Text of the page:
Other Main Memory Users
Beside CPUs there are other system components which can access the main memory.
High-performance cards such as network and mass-storage controllers cannot afford to pipe all the data they need or provide through the CPU.
Instead, they read or write the data directly from/to the main memory (Direct Memory Access, DMA).
In Figure 2.1 we can see that the cards can talk through the Southbridge and Northbridge directly with the memory.
Other buses, like USB, also require FSB bandwidth–even if they do not use DMA, since the Southbridge is connected via the Northbridge to the processor through the FSB, too.
While DMA is certainly beneficial, it means that there is more competition for the FSB bandwidth.
In times with high DMA traffic the CPU might stall（停滞） more than usual while waiting for data from the main memory.
There are ways around this given the right hardware.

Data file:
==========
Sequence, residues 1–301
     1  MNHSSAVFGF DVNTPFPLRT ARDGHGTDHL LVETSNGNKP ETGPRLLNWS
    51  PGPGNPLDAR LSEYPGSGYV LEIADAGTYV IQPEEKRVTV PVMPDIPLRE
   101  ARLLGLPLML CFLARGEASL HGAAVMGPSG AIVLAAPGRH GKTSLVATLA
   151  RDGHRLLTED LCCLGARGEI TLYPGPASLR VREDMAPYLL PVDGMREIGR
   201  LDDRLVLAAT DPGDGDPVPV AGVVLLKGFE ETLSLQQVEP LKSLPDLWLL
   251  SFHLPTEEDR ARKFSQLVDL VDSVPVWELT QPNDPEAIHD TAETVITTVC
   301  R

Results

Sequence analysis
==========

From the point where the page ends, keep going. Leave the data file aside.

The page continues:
With an architecture as in Figure 2.3 one can make sure the computation uses memory on nodes which are not affected by DMA.
It is also possible to attach a Southbridge to each node, equally distributing the load on the FSB of all the nodes.
There are a myriad（无数的） of possibilities.
In section 6 we will introduce techniques and programming interfaces which help achieving the improvements which are possible in software.
Finally it should be mentioned that some cheap systems have graphics systems without separate, dedicated video RAM.
Those systems use parts of the main memory as video RAM.
Since access to the video RAM is frequent (for a 1024x768 display with 16 bpp at 60Hz we are talking 94MB/s) and system memory, unlike RAM on graphics cards, does not have two ports this can substantially（基本上） influence the systems performance and especially the latency.
It is best to ignore such systems when performance is a priority.
They are more trouble than they are worth.
People buying those machines know they will not get the best performance.